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  1. #1

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    Lith Developer from Scratch; Dilution guidelines?

    Hello,

    I'm about to start making lith developer from scratch. This will be for lith printing. I can't justify spending 50$ for 500ml of LD20 or Moersch chemistry; not when the raw chemicals are relatively inexpensive and used so sparingly.

    I'll be making formula with paraformaldehyde. I've found the paraformaldehyde free versions to be lacking on more than a few levels.

    I'd like to know people's thoughts on dilution for printing. Should I aim to have a certain amount of hydroquinone per litre of working solution? Should I aim for a specific alkalinity?

    I'll probably start with D-85, and try others like Ansco-79B.

    Any thoughts on the subject would be much appreciated!

    Thanks,

  2. #2
    paul_c5x4's Avatar
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    Quote Originally Posted by Marco Buonocore View Post
    I'll probably start with D-85, and try others like Ansco-79B.
    A while back, I entered the formulas for Dupont LD-1, Dupont D-7, D-85 (both single and two part), Ansco 79, and Ansco 79B in to a spreadsheet to compare the chemical ratios. All five contain identical quantities of Boric Acid, Hydroquinone, and Paraformaldehyde. Potassium Bromide was either 1.5g or 1.6g, Sodium Sulphite varied between 29.4g and 30.25g - The only difference of note was the use of Sodium Bisulphite (2.2-2.6g) or Potassium Metabisulfite (2.5-2.625g). These numbers are based on mixing parts A & B in the ratios given over on the unblinkingeye lith developers page.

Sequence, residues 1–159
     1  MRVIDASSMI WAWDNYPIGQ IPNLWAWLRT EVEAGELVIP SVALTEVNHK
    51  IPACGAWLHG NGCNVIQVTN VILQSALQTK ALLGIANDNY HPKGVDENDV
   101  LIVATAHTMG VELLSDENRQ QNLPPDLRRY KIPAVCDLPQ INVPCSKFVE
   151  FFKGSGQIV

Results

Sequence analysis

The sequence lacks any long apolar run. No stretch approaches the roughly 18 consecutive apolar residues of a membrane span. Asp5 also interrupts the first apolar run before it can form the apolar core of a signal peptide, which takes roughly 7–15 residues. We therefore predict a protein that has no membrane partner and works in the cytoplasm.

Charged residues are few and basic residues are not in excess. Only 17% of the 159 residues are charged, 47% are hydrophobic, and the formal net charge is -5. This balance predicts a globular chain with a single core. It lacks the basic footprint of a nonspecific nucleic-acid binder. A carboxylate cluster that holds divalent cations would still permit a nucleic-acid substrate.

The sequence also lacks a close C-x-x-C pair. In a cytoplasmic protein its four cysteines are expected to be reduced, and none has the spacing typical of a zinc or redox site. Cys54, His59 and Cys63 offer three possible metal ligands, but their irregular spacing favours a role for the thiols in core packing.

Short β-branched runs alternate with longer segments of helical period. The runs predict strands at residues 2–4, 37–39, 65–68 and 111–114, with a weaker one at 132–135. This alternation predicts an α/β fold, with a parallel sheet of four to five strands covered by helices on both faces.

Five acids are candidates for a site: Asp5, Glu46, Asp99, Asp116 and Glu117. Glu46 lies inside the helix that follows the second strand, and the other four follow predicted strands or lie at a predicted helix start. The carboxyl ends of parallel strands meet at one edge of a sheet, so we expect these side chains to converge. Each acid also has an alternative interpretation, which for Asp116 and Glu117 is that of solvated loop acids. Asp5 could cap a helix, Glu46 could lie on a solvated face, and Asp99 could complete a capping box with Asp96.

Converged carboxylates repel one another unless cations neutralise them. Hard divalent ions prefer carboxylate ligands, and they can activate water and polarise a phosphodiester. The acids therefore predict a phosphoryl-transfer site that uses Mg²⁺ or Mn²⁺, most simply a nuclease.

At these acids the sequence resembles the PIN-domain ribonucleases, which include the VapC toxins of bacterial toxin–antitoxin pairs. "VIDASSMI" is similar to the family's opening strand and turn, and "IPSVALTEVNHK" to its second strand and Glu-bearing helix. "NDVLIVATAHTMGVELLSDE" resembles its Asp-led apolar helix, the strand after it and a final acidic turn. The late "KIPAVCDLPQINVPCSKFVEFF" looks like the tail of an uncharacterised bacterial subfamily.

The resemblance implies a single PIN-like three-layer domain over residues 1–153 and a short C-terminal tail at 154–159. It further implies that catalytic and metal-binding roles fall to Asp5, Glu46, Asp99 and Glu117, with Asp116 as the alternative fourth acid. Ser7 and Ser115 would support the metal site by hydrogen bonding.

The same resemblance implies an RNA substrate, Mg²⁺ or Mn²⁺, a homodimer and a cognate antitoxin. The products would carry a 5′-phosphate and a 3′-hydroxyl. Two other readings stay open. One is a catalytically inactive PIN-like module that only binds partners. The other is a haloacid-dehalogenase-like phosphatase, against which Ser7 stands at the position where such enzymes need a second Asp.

Once you have mixed a batch of which ever formula you choose, there is scope to alter the ratio of parts A and B which may affect the final result - Last time I mixed a batch of D-85, I used it at a dilution of one part A+B (mixed 1A+3B) to 10-12 parts water. Tray life was good enough for a few hours, but capacity left a bit to be desired in my opinion - When things warm up a little and time allows, I have a couple of negs I want to lith print, so will mix another batch.

  3. #3

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    Hi Paul,

    I see what you mean about there being similarities between formula; they are all using the same components for the most part. I wouldn't say they have identical quantities, though. Dupont LD-1, for example, has less paraformaldehyde than Kodak D-85. That's going to have an effect on the working solution's alkalinity, won't it?

    I wish I could find the source - I dug through all my books in the darkroom - but I remember once reading that an optimal alkalinity for hydroquinone was ph 12. In one of the formaldehyde free formulas that Ryuji Suzuki posted ("Burning Lith Developer") he used a 1% solution of Trisodium Phosphate as the alkaline, giving it a ph of 11.3% (as per the darkroom cookbook - I don't have a ph meter). I assume that was a good working alkalinity for hydroquinone. I was hoping to determine an optimal dilution by keeping things like that in mind. Does that make sense? Maybe not!

    It's harder to understand that relationship between paraformaldehyde and alkalinity. I gather that it converts sodium sulfite to sodium hydroxide, which is pretty ingenious. To what extent, I don't know. Maybe a chemist can chime in.